There are two types of health effects information that support the finding that ingestion of topical minoxidil may cause serious injury to a young child. The first is pharmacologic data following therapeutic ingestion of minoxidil tablets in hypertensive patients which demonstrate cardiac and vascular effects at low doses. The second is human injury data resulting from minoxidil overdose. This toxicological evidence is described in greater detail at TAB A. It has been shown that minoxidil, whether ingested as a solution or in tablet form, is rapidly and almost completely (>95 percent) absorbed by the gastrointestinal tract and becomes distributed systemically throughout the rest of the body. This contrasts with the poor absorption (~5 percent) of minoxidil solution across the skin when applied in recommended amounts to the undamaged scalp. Because of the poor skin absorption, insufficient levels of minoxidil reach the bloodstream to cause vascular and cardiac effects when applied topically. This large difference in absorption behavior explains why a topical minoxidil solution is considered safe when used as directed but can be harmful if ingested. Ph~ologic Effects From Therapeutic Ingestion For more than 15 years, oral i:ngestion of minoxidil tablets has been a prescribed treatment for severe hypertension. Once in the bloodstream, minoxidil lowers blood pressure by relaxing the smooth muscle of the arteries. The body’s nervous system automatically

1

Bmnq Tis, March, 1996

responds to this vasodilation by causing the heart to beat faster (tachycardia) and with more force (increased cardiac output) in order to compensate for the drop in blood pressure. Therefore, minoxidil is prescribed along with another drug (a P-adrenergic blocking agent) which eliminates the adaptive cardiac response. A diuretic is also prescribed with minoxidil to reduce fluid retention (edema) which can be another reflex response to the vasodilation. This combination drug therapy allows minoxidil to reduce blood pressure at low doses in hypertensive adults (typically 10 to 40 mg per day) and children (0.2 to 1 mg/kg) without causing stress to the heart or edema. The pharmacologic response to minoxidil ingestion in the presence and absence of the P-blocking agent is somewhat different. Without the P-blocking agent, ingestion of the usual therapeutic doses of minoxidil causes sustained increases in heart rate and cardiac output but minimal effects on blood pressure, especially in normotensives*. However, as the ingested dose of minoxidil increases, the cardiac effects may no longer be able to compensate for the minoxidil-induced vasodilation resulting in a reduction in blood pressure. When blood pressure becomes abnormally low (hypotension), it can lead to lethargy and lightheadedness with the possibility of damage to the heart and other tissues with high oxygen demand, if left untreated. To avoid the possibility of serious adverse effects, the maximum recommended daily therapeutic dosage of minoxidil is 100 mg in adults. The equivalent maximum recommended minoxidil dose range for an average one to two year old is 10 to 20 mg. This is the amount of minoxidil contained in about 1 /7’h of a teaspoon of the 2 percent topical preparations and about 1 / 181h of a teaspoon of the newly approved 5 percent OTC solution. B. hjmy Data Following Overdose Ingestions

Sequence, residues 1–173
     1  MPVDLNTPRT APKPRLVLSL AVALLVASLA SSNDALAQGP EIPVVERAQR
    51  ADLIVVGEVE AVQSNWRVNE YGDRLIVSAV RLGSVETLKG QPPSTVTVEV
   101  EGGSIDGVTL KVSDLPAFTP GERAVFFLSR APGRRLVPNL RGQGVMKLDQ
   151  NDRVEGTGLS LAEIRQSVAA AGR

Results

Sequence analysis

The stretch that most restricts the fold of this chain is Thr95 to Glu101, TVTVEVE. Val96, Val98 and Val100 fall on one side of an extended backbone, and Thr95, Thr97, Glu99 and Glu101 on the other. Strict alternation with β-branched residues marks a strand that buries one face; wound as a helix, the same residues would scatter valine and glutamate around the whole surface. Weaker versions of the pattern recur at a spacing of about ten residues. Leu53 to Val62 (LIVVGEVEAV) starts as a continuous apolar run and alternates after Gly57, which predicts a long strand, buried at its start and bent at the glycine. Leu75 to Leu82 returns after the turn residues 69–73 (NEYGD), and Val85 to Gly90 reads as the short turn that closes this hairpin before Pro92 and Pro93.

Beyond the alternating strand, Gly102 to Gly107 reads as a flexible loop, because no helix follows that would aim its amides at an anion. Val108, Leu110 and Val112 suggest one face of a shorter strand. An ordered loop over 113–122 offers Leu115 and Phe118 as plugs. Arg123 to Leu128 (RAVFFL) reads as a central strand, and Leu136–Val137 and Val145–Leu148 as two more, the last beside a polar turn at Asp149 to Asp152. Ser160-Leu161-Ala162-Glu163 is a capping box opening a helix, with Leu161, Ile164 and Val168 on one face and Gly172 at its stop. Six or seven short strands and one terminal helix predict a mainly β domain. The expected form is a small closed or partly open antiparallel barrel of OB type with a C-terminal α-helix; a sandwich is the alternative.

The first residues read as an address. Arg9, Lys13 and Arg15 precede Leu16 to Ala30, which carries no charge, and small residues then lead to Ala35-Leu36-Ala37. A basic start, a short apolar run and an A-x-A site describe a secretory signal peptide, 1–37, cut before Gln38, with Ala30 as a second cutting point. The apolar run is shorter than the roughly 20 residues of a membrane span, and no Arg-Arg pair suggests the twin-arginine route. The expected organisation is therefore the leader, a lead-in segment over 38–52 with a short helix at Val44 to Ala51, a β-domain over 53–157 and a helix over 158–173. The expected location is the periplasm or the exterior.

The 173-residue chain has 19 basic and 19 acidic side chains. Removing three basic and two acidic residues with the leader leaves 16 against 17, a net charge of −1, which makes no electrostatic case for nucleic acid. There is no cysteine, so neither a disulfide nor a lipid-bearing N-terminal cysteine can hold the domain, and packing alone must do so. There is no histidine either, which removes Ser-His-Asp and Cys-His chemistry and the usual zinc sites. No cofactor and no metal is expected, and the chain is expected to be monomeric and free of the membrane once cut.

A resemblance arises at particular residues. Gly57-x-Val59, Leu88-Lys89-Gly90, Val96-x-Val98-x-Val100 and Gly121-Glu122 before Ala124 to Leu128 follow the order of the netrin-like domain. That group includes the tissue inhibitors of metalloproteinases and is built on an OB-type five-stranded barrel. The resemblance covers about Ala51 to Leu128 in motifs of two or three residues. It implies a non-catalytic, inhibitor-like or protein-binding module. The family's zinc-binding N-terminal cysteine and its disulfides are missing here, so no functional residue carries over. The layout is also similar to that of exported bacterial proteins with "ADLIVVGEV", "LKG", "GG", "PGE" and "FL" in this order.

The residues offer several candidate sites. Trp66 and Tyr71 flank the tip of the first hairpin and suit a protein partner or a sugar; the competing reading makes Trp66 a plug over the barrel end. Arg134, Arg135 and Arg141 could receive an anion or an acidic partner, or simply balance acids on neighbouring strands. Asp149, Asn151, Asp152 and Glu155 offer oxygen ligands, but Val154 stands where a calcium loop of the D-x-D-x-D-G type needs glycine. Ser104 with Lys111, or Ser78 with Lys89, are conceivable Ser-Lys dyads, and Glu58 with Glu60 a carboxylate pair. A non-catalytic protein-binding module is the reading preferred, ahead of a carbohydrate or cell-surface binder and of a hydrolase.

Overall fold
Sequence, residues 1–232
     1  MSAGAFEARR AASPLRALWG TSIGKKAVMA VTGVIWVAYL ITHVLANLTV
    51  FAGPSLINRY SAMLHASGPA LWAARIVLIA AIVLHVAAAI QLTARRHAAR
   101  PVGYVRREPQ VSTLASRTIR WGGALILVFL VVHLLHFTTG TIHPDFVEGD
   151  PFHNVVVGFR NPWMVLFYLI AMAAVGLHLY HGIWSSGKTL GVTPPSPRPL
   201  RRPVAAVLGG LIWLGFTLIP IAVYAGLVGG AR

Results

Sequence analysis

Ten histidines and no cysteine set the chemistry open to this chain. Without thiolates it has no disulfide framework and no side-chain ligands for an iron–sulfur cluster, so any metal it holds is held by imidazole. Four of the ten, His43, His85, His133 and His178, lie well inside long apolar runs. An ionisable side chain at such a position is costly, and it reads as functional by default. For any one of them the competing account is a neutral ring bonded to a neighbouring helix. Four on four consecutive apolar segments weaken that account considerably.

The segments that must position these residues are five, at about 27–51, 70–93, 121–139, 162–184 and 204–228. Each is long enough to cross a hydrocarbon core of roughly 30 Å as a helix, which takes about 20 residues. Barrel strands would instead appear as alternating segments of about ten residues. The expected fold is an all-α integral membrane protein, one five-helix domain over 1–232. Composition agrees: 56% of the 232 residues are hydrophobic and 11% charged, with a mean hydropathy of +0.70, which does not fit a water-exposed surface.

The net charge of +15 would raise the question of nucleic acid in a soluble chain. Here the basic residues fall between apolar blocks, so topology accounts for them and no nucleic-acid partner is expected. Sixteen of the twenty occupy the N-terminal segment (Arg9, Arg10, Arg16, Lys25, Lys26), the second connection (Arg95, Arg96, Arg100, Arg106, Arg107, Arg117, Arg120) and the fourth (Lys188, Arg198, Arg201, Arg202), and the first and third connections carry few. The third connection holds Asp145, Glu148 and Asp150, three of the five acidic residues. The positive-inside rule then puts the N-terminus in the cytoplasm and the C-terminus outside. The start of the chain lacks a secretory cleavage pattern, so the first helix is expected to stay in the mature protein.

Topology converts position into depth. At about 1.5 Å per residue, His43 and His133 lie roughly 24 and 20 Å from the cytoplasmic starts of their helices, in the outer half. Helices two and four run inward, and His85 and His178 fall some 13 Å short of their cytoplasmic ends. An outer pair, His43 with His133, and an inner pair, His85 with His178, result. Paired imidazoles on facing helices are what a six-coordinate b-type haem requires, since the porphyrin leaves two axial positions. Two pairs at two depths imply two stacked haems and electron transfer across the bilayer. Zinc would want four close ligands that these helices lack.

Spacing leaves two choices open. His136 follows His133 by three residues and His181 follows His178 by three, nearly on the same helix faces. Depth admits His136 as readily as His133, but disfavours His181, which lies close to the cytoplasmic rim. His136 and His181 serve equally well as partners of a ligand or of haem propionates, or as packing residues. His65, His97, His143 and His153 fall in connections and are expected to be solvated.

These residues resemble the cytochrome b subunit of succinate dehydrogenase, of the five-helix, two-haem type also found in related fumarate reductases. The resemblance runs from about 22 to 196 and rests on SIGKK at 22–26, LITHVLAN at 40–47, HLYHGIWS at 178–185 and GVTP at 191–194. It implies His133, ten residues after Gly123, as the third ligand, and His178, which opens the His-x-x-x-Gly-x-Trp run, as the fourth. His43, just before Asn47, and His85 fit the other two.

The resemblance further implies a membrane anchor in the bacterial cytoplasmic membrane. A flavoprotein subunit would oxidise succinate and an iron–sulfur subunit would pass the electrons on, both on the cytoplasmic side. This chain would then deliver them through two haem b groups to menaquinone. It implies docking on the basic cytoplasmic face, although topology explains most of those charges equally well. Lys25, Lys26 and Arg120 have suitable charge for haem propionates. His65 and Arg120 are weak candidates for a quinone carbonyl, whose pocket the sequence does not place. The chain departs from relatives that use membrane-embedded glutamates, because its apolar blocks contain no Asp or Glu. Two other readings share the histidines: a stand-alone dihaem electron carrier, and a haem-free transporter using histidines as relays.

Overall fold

The potential for serious injury from ingestion of minoxidil in amounts that exceed therapeutic doses is supported by the available poisoning data. Information on adverse health effects from ingestions of minoxidil was retrieved from several sources. These include data from the American Association of Poison Control Centers (AAPCC), the FDA Spontaneous Reporting System (SRS), published reports in the medical literature, and reports from the injury surveillance databases maintained by the Commission. One retrospective study evalua.ted AAPCC records of all minoxidil exposures (tablet and liquid) from 1985 through 1991. The study reported 285 incidents in which &bout half (51 percent) occurred in children under six years of age. Moderate or severe poisoning3 occurred in 16 of the 285 incidents. ‘The number of serious poisonings that occurred specifically in young children was not reported. The most frequently reported adverse effects were hypotension (69 percent), tachycardia (38 percent), and lethargy ( 31 percent) with 44 percent requiring medical treatment. Some of the serious poisonings may have involved co-